Yesterday I was out shooting the Sony 24-70mm f/2.8 GM along with the Zeiss Batis 18mm f/2.8. Viewing the images back on the computer as largish thumbnails, I was struck by how I could pick out at a glance the Batis 18/2.8 images as compared to the Sony 24-70/2.8 GM: the Batis delivers images with a 3D feel to them. Later, the Sony 24-70 images looked better than I had first though, the 24mm end in particular. Still, something about the Batis 18/2.8 seems unusually perky/
It is high overall contrast and brilliance (micro contrast) along with tightly controlled aberrations that makes an image feel alive or “3D”, the same reason Leica M lenses are widely respected. The Batis 18/2.8 has little to criticize in these regards. Still, I will get around to nit picking it soon.
The glow of cloudy sun through riparian green foliage changed second-by-second yesterday, with each image dappled differently; I prefer this f/6.3 result to the f/9 and f/13 images by sheer moment-to-moment lighting luck. Note that even an 18mm lens at f/6.3 has depth of field limitations!
I reiterate my view that the Zeiss Batis 18mm f/2.8 has no ~18mm peers; it is the best 18mm available today (Leica’s 18/3.8 Super-Elmar-M offers competition, but that is for Leica M and it shows weaknesses even on 24MP). Last September in Oberkochen I was asked which lens I would most like to see, and I had answered “an ultra high performance 18mm”. It is of course absurd to think that my answer made a new lens appear in 6 months (the development cycle is years)—but readers can understand how thrilled I am to see the Batis 18/2.8. For places like this an 18mm is highly desirable. Now I of course want an 11-16mm f/4 zoom to complement it.
The Zeiss Batis 18mm f/2.8 is one of those lenses that justify the camera, which at present means the Sony A7R II or Sony A7 II. And so I reiterate my view that Sony is the only financially sensible path forward for investing in a mirrorless camera system for use several years out, because a 24MP APS-C sensor and APS-C lenses (Fujifilm X) are a dead end (ditto for M4/3). Even when Fujifilm delivers a full-frame camera in a year or two, all the current lenses will have to be replaced to use the full frame sensor area—and thus used Fujifilm X lens prices will plummet from heavy selling as users trade up. With lenses like the Batis 18/2.8 and the likely appearance of 70+ megapixel Sony sensors perhaps as soon as this year (see oversampling for pixel skeptics), investing in APS-C makes sense only for specific shooting purposes, not as a general proposition for even two years out. Full-frame sensors are only going to get cheaper and better, and camera body size already trends too small. Note well that Fujifilm does not enjoy any new Zeiss lenses since the Touit line.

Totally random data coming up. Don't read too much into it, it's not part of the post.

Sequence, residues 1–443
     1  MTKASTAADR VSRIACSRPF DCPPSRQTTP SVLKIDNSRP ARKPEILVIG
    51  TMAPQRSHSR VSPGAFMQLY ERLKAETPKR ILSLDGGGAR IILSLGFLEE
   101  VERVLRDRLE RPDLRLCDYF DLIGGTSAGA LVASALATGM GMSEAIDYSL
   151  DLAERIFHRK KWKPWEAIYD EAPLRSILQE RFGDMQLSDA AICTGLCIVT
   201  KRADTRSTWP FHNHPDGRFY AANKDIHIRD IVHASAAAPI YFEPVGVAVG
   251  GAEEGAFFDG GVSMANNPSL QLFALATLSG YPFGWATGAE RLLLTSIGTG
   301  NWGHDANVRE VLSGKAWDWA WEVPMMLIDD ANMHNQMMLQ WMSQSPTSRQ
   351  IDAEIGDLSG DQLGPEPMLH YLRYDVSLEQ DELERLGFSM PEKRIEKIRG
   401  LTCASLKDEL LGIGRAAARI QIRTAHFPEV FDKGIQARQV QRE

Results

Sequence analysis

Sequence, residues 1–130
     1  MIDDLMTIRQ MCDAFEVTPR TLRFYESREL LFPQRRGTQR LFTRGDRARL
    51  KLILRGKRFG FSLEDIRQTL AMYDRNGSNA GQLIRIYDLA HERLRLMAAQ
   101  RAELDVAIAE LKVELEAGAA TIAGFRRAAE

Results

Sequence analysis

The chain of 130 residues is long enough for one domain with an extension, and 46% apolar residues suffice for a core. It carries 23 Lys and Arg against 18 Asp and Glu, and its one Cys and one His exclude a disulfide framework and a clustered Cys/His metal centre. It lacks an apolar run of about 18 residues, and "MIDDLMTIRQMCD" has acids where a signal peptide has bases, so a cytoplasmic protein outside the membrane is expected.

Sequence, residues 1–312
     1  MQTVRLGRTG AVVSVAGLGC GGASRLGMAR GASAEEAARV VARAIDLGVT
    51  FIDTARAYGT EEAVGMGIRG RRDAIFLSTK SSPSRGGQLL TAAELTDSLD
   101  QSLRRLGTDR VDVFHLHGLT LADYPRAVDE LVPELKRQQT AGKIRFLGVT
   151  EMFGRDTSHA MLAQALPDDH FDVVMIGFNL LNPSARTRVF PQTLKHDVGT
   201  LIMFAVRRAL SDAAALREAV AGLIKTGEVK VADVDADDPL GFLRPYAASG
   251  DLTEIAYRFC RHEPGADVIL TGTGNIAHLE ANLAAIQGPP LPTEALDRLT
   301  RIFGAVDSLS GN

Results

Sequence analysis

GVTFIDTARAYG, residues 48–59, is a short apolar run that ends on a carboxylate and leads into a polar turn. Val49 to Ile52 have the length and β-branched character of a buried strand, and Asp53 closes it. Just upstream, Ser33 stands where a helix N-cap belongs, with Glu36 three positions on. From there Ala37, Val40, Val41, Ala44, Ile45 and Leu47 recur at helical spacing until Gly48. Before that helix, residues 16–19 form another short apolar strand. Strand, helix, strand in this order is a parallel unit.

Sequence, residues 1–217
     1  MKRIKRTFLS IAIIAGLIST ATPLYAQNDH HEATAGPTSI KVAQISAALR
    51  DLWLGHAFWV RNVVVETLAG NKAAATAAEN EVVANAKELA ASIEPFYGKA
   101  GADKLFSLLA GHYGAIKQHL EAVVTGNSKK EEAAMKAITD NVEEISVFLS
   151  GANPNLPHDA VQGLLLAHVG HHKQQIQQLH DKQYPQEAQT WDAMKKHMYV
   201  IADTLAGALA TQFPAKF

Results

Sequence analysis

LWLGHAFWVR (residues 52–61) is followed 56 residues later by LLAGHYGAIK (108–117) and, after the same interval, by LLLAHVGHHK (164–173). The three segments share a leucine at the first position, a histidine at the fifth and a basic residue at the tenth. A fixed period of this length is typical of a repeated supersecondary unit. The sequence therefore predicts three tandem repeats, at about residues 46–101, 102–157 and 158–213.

None of the foregoing diminishes the excellent qualities of existing systems like the Olympus OM-D system or the Fujifilm X system, but in terms of the investment in a range of lenses, settling on a camera system with a dead-end sensor size should give pause. See my Sony mirrorless wish list and Fujifilm X wish list to drive that point home: the investment in lenses is not small (I consider 3-4 lenses a core system, 5-8 lenses really needed to coverage everything). Cameras are accessories; the lens line should be something that carries forward and does not need to be replaced (supplemented perhaps), which for me rules out smaller formats.